British charity ‘Street Child’ on Monday said thousands of Ebola orphans and teenage mothers in charge of households in Sierra Leone are struggling to feed themselves and their families amid widespread food shortages in the country.
The Ebola epidemic left more than 12,000 children orphaned while at least 18,000 teenage girls became pregnant during the outbreak, according to the U.N. Population Fund (UNFPA).
Out of that numbers, at least 1,400 children orphaned by the epidemic urgently need support in the West African nation, Street Child said
“Teenage orphans have taken on the burden of looking after their young siblings and are struggling to cope,” the NGO’s chief executive officer Tom Dannatt said in a statement.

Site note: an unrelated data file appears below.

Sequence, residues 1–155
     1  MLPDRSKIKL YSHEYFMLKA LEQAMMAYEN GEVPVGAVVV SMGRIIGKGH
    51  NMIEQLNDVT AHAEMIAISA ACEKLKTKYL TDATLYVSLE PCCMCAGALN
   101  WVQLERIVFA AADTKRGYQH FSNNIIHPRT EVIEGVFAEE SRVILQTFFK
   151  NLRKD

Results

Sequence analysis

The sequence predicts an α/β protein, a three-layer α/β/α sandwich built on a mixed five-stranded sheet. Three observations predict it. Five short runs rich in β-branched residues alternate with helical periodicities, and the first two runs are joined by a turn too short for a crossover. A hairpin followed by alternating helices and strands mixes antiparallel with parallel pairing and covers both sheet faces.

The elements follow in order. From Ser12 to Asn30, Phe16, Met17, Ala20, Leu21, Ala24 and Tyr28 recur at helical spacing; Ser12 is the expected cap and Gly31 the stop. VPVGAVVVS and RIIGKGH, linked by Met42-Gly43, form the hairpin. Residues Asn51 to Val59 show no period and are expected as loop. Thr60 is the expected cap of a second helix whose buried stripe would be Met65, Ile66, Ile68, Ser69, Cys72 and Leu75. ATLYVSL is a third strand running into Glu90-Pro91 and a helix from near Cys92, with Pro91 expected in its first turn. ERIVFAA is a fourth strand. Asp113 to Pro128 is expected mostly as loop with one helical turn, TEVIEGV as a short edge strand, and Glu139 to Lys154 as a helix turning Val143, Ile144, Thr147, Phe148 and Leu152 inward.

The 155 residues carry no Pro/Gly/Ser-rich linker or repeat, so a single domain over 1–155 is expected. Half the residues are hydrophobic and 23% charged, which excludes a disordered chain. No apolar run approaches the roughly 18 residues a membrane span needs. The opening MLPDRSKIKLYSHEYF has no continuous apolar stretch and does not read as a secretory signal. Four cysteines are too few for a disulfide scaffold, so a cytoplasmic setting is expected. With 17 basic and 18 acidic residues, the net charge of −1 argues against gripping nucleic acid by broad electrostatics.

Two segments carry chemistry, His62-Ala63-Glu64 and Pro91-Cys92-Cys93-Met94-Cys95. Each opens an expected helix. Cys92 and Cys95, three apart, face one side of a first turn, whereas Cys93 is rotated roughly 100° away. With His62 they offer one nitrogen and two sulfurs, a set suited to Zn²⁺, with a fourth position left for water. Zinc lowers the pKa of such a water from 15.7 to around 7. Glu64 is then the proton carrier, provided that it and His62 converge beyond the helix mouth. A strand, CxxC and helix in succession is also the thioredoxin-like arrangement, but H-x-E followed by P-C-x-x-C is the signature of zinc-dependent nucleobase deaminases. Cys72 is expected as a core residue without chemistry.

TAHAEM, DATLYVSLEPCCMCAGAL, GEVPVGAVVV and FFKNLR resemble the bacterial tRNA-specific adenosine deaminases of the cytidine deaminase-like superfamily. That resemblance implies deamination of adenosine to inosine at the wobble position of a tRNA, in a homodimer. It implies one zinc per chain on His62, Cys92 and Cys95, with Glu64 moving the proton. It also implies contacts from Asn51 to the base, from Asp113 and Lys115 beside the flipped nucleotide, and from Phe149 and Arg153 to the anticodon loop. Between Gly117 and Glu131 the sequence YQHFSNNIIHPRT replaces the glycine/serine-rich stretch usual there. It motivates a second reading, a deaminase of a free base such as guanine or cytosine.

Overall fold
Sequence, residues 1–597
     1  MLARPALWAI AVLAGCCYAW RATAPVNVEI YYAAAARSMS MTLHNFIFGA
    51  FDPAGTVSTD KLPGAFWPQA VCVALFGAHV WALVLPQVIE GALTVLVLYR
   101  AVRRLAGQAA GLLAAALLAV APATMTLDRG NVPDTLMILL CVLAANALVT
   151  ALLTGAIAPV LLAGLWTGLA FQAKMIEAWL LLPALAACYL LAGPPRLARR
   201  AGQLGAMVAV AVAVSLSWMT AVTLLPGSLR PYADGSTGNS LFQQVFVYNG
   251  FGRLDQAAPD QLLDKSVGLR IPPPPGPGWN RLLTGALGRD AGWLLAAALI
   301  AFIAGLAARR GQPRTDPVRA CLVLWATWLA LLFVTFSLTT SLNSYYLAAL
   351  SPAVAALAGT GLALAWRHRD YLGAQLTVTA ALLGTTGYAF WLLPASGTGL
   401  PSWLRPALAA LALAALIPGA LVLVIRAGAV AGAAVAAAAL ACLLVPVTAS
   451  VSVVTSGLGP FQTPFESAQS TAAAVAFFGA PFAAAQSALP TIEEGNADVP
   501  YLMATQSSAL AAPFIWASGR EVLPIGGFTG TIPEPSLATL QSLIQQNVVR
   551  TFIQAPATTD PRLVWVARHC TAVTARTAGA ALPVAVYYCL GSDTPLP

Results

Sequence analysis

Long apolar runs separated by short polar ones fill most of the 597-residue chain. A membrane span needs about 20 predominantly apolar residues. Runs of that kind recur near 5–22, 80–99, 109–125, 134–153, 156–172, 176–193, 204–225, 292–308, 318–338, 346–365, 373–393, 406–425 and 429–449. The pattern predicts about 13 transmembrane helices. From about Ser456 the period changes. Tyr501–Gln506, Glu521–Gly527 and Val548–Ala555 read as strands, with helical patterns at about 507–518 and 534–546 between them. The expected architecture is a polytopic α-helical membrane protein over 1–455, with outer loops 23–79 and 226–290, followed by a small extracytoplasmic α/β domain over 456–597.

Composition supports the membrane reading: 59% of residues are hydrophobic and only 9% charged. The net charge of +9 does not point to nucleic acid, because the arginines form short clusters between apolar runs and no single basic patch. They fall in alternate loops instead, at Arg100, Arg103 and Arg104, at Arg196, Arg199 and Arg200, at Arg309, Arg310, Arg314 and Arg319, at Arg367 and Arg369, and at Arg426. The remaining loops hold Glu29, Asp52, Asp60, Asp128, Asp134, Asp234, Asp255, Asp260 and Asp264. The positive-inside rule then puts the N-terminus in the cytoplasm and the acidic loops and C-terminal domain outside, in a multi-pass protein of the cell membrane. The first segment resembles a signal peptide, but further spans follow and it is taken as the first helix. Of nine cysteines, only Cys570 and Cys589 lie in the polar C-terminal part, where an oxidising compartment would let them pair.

“Several have dropped out of school, sacrificing their own future to try and make sure that their brothers and sisters can stay in education,” he said.
“Sadly, running a business and a household is proving too tough for many of them,” Dannatt added.
The World Food Program (WFP) and Food and Agriculture Organization (FAO) last month said some 3.5 million people – more than half of Sierra Leone’s population of six million – do not have enough safe and nutritious food to eat.
Food shortages in most of the country are caused by problems that predate the Ebola outbreak, UN agencies said.
The shortages have hit orphans, teenage mothers and child-headed households the hardest, Street Child said.
Sierra Leone’s economy is expected to grow by 4.3 percent this year according to the International Monetary Fund.